• Accurate record keeping is essential:  To meet the criteria for safe harbour, directors must have accurate records of the company’s financial state, both to demonstrate that the company was cashflow solvent prior to COVID-19, and that there is a basis to believe that the business will be able to pay its debts at a later date
  • Consultation may assist:  The case for safe harbour might be strengthened where a director can demonstrate that they have consulted with others (either internal or external to the company) on the company’s present and future solvency.  As with financial records, any consultation that forms the basis of a director’s view should be well documented
  • Protections backdated:  A director’s behaviour can qualify for safe harbour if it occurred at any point from 3 April 2020.  The retroactive effect of the amendments extends protection to directors who were affected by COVID-19 prior to the Bill’s passing
  • No relief for directors struggling prior to COVID-19:  Directors of companies that were cashflow insolvent at the end of 2019 are ineligible for safe harbour.  The heightened risk of liability for insolvent trading, coupled with existing solvency issues, demand a director of such a company to make a frank assessment as to whether it should continue trading
  • Other directors’ duties remain unchanged:  The Bill does not alter the application of any other duties in the Act, including the duty to act in the best interests of the company, to exercise reasonable care, skill and diligence, and the duty to disclose interests on the interests register.  Directors cannot use the conditions created by COVID-19 as an excuse to let the standards of their behaviour slip.

Insolvent transactions and voidable charges – changes to suspect periods

The Bill has also introduced, in a modified form, changes to the suspect periods for insolvent transactions and voidable charges which were previously signalled in a Cabinet Paper from November last year (see our legal update on this).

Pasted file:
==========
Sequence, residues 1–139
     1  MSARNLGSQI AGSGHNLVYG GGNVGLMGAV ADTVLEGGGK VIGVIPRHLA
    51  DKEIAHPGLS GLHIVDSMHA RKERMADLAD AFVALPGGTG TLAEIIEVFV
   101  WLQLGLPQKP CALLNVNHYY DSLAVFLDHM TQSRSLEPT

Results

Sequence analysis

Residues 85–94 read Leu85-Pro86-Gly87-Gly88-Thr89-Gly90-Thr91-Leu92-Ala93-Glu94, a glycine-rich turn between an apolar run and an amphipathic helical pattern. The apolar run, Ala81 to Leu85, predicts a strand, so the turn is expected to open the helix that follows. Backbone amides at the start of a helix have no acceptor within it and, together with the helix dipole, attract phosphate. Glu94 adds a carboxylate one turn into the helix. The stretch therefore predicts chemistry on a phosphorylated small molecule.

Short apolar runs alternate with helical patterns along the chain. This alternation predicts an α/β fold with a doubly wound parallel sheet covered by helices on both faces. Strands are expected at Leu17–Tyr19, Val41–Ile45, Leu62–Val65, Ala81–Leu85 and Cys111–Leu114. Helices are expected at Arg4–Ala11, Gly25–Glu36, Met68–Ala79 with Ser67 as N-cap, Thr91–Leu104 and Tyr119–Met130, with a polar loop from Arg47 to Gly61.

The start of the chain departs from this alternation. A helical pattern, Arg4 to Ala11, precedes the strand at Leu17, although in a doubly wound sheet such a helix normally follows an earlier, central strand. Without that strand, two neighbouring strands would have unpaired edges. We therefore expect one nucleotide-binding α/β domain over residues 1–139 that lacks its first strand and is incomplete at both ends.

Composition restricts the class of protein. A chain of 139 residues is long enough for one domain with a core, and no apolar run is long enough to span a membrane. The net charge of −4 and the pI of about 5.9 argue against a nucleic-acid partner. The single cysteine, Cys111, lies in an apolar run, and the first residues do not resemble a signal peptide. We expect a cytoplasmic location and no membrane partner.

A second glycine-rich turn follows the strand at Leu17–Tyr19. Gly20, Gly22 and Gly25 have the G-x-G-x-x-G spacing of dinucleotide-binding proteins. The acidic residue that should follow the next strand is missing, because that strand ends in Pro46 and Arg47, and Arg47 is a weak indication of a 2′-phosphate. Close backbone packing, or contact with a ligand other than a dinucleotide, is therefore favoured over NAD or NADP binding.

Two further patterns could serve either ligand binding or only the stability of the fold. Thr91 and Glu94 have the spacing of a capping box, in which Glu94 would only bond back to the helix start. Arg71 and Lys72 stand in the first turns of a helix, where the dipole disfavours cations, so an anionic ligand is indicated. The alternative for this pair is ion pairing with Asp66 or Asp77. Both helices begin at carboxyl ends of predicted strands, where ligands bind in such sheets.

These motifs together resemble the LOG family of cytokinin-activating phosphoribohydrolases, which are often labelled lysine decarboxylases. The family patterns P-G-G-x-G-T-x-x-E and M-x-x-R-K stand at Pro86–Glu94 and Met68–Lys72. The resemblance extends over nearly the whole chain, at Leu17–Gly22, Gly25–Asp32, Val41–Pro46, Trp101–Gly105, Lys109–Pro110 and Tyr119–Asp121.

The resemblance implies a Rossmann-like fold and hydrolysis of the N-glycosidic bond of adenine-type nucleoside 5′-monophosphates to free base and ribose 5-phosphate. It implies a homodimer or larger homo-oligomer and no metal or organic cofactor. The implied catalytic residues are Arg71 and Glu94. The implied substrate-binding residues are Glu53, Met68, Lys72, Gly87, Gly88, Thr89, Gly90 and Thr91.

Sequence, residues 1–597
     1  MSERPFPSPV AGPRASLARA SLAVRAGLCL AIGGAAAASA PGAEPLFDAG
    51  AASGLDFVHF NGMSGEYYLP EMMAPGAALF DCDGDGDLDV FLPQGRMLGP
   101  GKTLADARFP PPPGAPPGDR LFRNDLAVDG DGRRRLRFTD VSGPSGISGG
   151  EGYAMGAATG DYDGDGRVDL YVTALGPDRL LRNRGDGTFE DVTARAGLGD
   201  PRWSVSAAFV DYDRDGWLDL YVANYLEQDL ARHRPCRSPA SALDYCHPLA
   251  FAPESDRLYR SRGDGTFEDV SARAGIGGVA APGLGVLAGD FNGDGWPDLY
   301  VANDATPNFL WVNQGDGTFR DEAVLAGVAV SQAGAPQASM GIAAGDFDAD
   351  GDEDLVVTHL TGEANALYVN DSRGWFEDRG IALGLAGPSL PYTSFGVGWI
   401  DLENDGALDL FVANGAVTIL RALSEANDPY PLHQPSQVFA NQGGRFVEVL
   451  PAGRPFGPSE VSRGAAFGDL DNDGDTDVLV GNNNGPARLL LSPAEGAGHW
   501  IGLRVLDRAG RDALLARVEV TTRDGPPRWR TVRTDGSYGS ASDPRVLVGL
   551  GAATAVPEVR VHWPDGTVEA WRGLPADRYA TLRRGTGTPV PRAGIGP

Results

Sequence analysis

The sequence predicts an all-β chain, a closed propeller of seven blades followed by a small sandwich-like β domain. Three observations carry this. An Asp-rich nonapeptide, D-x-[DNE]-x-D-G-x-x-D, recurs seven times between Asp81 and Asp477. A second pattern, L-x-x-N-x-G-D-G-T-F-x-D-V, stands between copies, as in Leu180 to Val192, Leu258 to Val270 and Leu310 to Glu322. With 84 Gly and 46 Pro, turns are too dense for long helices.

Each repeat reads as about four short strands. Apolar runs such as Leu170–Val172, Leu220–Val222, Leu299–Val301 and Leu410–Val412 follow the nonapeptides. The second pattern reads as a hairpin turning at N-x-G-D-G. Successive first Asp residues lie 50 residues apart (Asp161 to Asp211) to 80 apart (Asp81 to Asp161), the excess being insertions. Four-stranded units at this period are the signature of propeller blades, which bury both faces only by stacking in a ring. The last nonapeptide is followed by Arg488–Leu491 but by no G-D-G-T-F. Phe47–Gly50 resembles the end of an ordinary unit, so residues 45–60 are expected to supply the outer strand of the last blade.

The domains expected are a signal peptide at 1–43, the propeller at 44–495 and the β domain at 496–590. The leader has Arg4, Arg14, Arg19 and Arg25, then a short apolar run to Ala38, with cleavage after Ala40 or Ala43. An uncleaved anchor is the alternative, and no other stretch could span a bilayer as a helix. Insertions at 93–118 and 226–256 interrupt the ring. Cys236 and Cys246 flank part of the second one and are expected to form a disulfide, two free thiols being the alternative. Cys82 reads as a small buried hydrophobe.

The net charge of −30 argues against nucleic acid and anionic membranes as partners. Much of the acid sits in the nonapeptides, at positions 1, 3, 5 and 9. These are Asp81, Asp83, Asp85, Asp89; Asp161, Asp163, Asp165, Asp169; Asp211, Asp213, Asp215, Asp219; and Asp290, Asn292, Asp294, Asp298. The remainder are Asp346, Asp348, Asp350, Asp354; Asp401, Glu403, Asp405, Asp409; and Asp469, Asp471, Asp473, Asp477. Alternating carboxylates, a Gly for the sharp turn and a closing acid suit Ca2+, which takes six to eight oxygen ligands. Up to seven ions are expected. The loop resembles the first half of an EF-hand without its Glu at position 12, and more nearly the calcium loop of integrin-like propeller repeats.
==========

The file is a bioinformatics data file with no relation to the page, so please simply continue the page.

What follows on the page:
Currently, insolvent transactions and voidable charges which are entered into in the two year period prior to liquidation, at a time when the company was insolvent, may be set aside by a liquidator.  The amendments provide that insolvent transactions (under section 292 of the Act) and voidable charges (under section 293 of the Act) may only be challenged by a liquidator where the transaction occurred, or the charge was granted:

  • In the case of a transaction or charge with a related party, within two years prior to liquidation
  • In in all other situations, within six months prior to liquidation.  

‘Related party’ is a new term in the Act and is defined exhaustively by the Bill.  It includes a broad range of possible connections to the company for the counterparty, both familial and commercial (such as a director, a shareholder, or a ‘close business associate’).

These amendments will apply in respect of liquidations which commence after the date that the amendments come into effect.

Additional insolvency law changes

Changes to remedy periods under Property Law Act 2007 (PLA).

The Bill extends various timeframes under the PLA to accommodate the likely increase in mortgage and rental defaults that will be caused by COVID-19, and to therefore provide mortgagors and tenants with more time to remedy those defaults.  Specifically:

  • Notices under sections 119 and 120 of the PLA relating to the exercise of mortgagee’s power over land must give the current mortgagor 40 working days to remedy any default, instead of the usual 20 working days
  • Notices under sections 128 and 129 of the PLA relating to the exercise of mortgagee’s power over goods must give the current mortgagor 30 working days to remedy any default, instead of the usual 10 working days
  • A lessor’s intention to cancel a lease for failure to pay rent cannot be served until rent has been in arrears for at least 30 working days, and the lease cannot be cancelled until the lessee has been given 30 working days to remedy the breach.  Usually, these periods would both be 10 working days.

These extensions are drafted to reach back to 1 April 2020 and apply to enforcement action and legal proceedings that have been attempted since that date.

Electronic execution of deed that creates power of attorney

The Bill provides for the temporary application of the provisions (under the Contracts and Commercial Law Act 2017) which allow for the electronic execution of documents, to any deed that creates a power of attorney in connection with a security interest.  This will allow secured lenders and borrowers to execute by electronic means security agreements which contain (as is typically the case) a power of attorney clause in their terms.  This change will apply for six months from the date that the change comes into force, unless extended by Order in Council.

Delay of the implementation of the insolvency practitioner reform legislation

To avoid the creation of additional uncertainty during COVID-19, the Bill has delayed the implementation of reforms to the Insolvency Practitioners Regulations Act 2019 and the Insolvency Practitioners Regulation (Amendments) Act 2019 (as referred to in our August 2019 legal update).  While the reforms were previously going to come into force on 17 June 2020, this will now not occur until 1 June 2021.